Learning Chinese is easy — not

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From the Facebook page of a friend:

The only term that might need explanation is chéngyǔ 成語 ("set phrases"), misleadingly usually referred to as "idioms", for which see herehere, and in the bibliography below.  In truth, they are not much used nowadays, although many Western learners mistakenly invest a lot of time and energy in memorizing them.  Actively knowing a dozen or two of them should suffice; passively recognizing two or three dozen should be plenty.

Also, those "dialects", i.e., "topolects", that get mixed in are often completely separate Sinitic languages with distinct grammars, lexicons, etc.

P.S.:  I love the little snail in the first panel of the "Spongebob Squarepants" meme template.

Selected readings

[Thanks to June Teufel Dreyer]


  1. Jenny Chu said,

    July 20, 2022 @ 9:18 pm

    My teenage children, educated in the Hong Kong local system, agree entirely with this meme. However, they disagree that knowing a just dozen 成語 would suffice for daily use – they feel as if they are constantly having to explain them to me when they (various 成語) appear in the wild!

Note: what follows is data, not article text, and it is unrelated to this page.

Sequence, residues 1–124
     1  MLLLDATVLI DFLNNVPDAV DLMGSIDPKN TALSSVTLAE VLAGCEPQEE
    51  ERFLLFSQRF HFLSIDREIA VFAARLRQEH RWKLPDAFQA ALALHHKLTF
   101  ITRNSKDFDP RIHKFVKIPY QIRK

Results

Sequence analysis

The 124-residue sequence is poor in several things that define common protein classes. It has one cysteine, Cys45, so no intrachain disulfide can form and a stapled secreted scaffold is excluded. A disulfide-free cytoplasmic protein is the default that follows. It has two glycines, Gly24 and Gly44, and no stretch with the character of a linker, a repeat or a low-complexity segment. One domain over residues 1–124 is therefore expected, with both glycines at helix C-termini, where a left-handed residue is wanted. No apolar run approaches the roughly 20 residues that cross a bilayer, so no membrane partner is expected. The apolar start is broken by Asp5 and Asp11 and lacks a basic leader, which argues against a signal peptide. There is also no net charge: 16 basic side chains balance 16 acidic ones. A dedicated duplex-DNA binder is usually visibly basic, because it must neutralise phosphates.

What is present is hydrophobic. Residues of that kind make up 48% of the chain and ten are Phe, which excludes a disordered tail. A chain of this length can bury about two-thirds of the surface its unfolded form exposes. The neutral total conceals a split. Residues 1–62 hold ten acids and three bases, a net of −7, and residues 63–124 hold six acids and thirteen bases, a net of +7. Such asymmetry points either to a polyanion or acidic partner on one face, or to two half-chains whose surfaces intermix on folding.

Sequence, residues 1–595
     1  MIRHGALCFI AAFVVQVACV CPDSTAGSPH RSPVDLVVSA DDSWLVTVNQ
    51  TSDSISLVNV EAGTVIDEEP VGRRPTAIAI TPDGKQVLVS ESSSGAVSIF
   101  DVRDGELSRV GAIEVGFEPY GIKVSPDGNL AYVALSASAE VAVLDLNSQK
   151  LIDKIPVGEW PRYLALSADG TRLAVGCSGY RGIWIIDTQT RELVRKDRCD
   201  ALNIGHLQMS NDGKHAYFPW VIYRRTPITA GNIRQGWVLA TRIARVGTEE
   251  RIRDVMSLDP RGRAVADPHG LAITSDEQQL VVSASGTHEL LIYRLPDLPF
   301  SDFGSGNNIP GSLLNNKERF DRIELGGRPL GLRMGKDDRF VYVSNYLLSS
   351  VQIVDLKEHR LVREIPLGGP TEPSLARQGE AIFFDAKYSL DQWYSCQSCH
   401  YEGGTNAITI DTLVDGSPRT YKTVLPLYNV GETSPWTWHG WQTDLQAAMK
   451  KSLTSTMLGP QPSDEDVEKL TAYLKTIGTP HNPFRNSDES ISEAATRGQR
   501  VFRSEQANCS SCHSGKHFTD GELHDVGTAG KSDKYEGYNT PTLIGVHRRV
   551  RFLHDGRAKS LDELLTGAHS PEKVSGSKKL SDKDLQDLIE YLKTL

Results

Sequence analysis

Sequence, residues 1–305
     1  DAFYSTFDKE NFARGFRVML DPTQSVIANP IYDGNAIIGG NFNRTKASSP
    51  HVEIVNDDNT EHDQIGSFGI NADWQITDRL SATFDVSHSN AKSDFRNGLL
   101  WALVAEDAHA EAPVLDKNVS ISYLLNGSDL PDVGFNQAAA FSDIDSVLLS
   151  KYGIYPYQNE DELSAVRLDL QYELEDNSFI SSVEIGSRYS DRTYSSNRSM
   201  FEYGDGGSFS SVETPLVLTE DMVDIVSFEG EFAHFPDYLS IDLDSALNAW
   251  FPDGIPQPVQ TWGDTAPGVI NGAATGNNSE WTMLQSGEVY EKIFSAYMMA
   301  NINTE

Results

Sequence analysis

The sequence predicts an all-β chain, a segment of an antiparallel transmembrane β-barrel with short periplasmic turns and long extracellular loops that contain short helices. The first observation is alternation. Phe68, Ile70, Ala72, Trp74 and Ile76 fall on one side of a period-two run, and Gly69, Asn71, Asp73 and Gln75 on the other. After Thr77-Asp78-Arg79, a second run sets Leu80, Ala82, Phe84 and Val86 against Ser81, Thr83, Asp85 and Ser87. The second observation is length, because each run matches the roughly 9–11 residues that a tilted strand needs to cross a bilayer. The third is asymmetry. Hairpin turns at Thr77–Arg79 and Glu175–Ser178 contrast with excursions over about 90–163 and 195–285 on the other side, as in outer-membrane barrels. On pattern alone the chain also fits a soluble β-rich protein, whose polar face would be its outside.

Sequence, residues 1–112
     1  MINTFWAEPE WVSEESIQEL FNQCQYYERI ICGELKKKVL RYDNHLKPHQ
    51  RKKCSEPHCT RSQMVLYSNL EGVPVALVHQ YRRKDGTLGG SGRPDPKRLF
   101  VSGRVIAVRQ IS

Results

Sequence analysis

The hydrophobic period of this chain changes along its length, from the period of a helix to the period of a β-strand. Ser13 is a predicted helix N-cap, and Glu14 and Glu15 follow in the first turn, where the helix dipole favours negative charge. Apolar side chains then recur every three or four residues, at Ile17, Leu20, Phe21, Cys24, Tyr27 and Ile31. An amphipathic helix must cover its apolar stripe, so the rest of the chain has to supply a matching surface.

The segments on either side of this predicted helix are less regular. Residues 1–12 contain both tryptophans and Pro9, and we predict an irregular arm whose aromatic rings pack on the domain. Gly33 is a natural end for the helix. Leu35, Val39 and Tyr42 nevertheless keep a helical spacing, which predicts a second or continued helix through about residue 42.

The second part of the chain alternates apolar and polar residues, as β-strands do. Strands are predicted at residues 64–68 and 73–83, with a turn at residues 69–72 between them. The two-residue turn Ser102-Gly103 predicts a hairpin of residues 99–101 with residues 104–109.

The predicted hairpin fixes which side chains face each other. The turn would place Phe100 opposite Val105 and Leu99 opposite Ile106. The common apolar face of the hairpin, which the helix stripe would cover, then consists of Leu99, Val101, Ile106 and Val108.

2. Jonathan Smith said,

    July 21, 2022 @ 7:35 pm

    Agree with the post in spirit that "chengyu" (a somewhat amorphous category) too often give off stale/pedantic/corporate/pretentious.. vibes — and are of pretty marginal utility in day-to-day interactions :D

    That said, yeah, one will of course encounter several thousand over the course of a few months of just, say, listening to the nightly news and/or reading novels. (The Li Weijiao et. al. collection has some stats.) Something for learners to whom such activities appeal to keep in mind…

  3. Guy said,

    July 22, 2022 @ 2:01 pm

    The snail’s name is Gary!

  4. T said,

    July 23, 2022 @ 2:09 pm

    I wonder if the general tolerance to code-mixing (Literary Chinese, Mandarin, Cantonese), both written and spoken (Cantonese), in Hong Kong makes the daily use of chengyu more natural and less pretentious. You can surely get by not using chengyu actively. But I would agree with Jenny that you probably need to know passively quite a bit more. Plus chengyu are just fun to learn, aren't they?

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